Our Relationship with God: We can also cling to a too-small view of God – one that expects the divine presence to keep us safe no matter what. I remember Carl’s response to an unexpected setback. He registered his complaint against God and the universe: “I don’t deserve this.” His small view of God was that if he worked hard and did what was right, God would immunize him against tragedy. When his naïve view was shattered, he was forced to wrestle with God and come to a deeper understanding of his relationship with the divine presence.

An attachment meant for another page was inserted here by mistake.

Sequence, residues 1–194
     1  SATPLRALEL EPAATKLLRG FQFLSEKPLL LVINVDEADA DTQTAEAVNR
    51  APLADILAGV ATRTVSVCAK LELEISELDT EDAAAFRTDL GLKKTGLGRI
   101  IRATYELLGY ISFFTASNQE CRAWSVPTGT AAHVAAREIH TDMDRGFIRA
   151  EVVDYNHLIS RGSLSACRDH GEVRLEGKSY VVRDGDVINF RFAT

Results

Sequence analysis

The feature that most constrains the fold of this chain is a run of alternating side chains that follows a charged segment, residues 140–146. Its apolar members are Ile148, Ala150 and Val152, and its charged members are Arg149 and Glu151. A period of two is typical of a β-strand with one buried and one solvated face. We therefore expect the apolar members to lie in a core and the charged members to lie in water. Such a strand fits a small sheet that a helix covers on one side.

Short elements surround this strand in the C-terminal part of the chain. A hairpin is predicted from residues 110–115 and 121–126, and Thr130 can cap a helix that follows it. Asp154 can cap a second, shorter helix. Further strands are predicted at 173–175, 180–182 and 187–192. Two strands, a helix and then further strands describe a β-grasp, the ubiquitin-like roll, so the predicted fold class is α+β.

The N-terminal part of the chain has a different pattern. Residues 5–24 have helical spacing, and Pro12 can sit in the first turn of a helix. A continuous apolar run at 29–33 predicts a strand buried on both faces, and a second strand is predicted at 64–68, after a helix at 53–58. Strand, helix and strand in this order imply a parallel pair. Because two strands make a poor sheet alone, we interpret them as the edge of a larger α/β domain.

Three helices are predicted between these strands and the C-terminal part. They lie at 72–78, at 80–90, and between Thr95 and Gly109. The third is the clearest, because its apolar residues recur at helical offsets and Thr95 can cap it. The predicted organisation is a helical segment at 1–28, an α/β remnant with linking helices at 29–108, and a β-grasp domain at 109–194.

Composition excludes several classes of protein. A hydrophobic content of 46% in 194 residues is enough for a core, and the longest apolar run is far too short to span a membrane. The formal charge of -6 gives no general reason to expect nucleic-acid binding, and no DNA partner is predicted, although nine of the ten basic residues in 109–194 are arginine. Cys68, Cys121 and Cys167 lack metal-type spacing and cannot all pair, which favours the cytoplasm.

As a trauma survivor, James Finley knows what violence is. In a single sentence, he gives us a profound insight about God’s presence in midst of tragedy: “God is the presence that spares us from nothing, even as God unexplainably sustains us in all things.”1 God creates us in freedom and calls us to love. Love can never be forced, and the freedom to love opens the door to its opposite. Sometimes freedom leads to violence, tragedy, and evil. God doesn’t spare us from that – to do so would eliminate freedom and nullify our ability to love. Yet, in some way we cannot explain, God is the continuous, sustaining presence that is always with us in whatever we experience. Carl’s too small view may have kept him from recognizing it, but God was present to him in the midst of his setback. No matter what comes, we always live in the midst of the divine presence.